Whether a player wins at age 12 and has nice technique is completely irrelevant.  It is merely a bonus. What’s relevant is whether they can be taught the right technique because they coordinate well, that they have base speed to keep up with playing badminton at an international level later on. That they hate losing and because of it are very competitive. That they are supported by their parents. That they have genetics which fit the modern profile of a successful badminton player. That they love playing badminton and would like to play, eat, sleep, drink and dream badminton all day long. Those are the ingredients of a successful badminton player.

training-children-15-div-yn-sudirmancup2007Unfortunately lots of time, energy and (financial) resources go into kids that have “potential” because they look great and win everything at a young age. Coaches who would spend a bit more time on doing their homework could perhaps be more successful in training and coaching players to the international level. If next you are scouting for talent, try and use the below checklist before deciding whether it is worth investing (time, effort, energy and money) in a player:

  1. Movement Foundation – does the player coordinate well?
  2. Hand-eye coordination – Do they make contact with the shuttle even under pressure (reaction speed)
  3. Speed – does the player have enough base speed? Speed can only ever be improved by a marginal 15% so slow players will never be fast players.
  4. Body characteristics:  i) Tall or short? Can small/short players still be competitive in the way today’s game is played?; ii) Body weight? Lean? Some harmless little extra’s or seriously challenged?; iii) Genetics?
  5. Competitiveness – Desire to win? Fighting spirit (especially when losing)? Upset after losing?
  6. Badminton intelligence – Does the player “understand” the game? Does he/she see the gaps in the court and the weaknesses of the opponent?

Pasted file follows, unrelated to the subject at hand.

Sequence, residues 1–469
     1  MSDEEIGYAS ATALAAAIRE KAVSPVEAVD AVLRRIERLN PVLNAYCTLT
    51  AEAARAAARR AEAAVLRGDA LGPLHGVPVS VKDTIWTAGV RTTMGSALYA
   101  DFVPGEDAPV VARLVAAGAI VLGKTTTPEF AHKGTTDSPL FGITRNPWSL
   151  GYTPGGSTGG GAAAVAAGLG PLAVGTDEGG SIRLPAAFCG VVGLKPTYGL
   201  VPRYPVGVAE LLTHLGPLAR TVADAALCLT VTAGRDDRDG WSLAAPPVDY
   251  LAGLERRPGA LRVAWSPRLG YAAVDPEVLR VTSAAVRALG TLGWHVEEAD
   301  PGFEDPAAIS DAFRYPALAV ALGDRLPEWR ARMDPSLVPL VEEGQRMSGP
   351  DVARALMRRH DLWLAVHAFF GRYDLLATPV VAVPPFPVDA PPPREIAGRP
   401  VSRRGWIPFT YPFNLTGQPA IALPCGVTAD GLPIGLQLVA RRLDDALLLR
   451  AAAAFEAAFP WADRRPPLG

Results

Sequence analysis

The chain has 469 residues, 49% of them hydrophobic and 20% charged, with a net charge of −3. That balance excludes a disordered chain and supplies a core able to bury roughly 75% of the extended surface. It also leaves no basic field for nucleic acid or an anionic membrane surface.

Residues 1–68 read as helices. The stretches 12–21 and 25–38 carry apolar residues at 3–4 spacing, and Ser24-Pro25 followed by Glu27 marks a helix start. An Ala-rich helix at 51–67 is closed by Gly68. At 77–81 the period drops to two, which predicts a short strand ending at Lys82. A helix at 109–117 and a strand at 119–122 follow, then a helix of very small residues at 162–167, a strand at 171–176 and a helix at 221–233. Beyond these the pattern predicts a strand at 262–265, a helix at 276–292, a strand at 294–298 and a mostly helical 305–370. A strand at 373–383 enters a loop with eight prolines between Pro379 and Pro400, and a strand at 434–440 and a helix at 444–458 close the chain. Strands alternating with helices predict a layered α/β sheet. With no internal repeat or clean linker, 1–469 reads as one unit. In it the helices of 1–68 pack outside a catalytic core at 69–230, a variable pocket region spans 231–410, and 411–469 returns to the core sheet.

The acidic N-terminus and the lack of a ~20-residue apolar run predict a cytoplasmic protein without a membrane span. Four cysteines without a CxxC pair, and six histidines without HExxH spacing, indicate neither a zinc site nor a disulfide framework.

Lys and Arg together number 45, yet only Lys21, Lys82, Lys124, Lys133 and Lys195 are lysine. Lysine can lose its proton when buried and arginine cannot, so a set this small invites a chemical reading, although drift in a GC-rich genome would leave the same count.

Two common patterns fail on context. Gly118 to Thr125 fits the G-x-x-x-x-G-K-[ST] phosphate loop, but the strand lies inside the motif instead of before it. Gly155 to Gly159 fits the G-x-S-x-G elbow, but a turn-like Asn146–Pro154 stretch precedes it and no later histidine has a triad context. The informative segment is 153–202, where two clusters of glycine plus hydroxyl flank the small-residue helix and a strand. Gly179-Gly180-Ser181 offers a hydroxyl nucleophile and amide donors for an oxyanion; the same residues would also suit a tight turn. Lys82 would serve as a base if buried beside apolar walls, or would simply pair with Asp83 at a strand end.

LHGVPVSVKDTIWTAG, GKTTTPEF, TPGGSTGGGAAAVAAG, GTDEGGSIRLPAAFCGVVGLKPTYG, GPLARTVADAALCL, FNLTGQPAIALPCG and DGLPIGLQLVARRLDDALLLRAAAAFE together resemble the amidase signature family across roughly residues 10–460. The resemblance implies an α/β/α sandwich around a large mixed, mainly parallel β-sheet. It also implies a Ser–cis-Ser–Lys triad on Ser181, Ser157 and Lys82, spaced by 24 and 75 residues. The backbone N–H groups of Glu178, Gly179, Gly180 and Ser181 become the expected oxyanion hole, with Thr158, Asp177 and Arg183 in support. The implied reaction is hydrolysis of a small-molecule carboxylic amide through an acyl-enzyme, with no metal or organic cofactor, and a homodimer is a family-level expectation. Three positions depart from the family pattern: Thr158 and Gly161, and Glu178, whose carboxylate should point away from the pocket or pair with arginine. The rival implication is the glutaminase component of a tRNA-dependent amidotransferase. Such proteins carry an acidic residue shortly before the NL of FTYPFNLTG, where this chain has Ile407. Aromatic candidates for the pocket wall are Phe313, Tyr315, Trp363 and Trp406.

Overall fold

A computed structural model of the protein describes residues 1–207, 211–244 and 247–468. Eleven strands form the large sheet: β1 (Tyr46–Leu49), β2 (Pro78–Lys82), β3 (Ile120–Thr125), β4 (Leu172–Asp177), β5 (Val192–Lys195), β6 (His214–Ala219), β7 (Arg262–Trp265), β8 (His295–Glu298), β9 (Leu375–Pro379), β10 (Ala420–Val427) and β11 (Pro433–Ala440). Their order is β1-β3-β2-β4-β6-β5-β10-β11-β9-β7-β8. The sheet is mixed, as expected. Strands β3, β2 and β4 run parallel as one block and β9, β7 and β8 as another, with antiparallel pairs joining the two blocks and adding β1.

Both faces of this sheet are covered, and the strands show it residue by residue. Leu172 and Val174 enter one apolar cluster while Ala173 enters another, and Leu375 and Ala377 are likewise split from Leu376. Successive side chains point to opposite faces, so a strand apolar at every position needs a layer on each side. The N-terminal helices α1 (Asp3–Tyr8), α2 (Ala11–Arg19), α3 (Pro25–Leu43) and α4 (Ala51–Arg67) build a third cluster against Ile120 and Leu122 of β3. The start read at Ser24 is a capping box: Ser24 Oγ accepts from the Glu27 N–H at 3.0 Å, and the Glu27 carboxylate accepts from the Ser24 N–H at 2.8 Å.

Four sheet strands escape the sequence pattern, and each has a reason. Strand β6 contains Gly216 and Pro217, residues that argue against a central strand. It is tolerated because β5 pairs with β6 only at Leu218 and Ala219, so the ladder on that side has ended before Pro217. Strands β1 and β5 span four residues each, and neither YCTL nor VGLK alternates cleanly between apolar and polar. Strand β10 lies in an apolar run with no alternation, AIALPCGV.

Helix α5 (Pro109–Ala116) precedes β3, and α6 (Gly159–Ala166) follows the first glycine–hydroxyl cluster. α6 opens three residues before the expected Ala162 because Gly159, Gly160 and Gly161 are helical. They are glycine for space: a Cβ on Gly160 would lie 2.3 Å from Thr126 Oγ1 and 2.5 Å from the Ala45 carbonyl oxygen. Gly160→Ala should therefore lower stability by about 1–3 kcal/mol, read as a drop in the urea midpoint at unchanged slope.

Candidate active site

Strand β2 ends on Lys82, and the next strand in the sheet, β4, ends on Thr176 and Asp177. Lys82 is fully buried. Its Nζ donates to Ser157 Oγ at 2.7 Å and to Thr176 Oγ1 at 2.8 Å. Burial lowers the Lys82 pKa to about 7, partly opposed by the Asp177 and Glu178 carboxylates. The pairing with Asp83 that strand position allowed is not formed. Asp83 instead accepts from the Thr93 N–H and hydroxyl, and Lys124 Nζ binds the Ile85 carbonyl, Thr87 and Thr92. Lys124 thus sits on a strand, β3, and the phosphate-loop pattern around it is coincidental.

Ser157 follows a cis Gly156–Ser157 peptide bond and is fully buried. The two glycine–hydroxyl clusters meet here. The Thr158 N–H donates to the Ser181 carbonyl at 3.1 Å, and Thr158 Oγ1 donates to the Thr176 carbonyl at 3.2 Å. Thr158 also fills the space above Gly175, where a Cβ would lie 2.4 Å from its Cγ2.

7. Off-court behaviour – interested in every aspect of badminton or does it look like they are “pushed” into playing where they would rather be doing something else? Can they always be found with a racquet in their hand and hitting or prefer to do other stuff. Can they never be found when their match is being called or are they prepared and aware?
  8. Parental support and background – Are the parents involved with badminton? Are they supportive of their child playing badminton? Do they understand what is involved? Would they still support their child if he/she becomes an elite athlete and academics might be affected? In countries where funding is an issue; can the family afford the cost of playing badminton at a high level?


  • Player already has nicely developed technique
  • Player is winning matches and tournaments

3929cible4If you cannot tick most of the above 8 boxes then you will be challenged by it at some stage in the (near) future. Technique can be taught and winning too but as a coach we cannot have much impact on the 8 points mentioned. We can to a certain degree but it is quite limited.

So next time you are doing some Talent ID, see if the above is helpful. You may need to ask yourself some difficult questions. Is winning more important to you at that age than selecting the kids who may not be winning right now but will/could be in the future? It is hard, isn’t it?  Because the expectation out there will be that you actually select the winners, each and every time. Very few people see the bigger picture so there is an altogether different challenge for you in “educating” your environment.

About Tjitte Weistra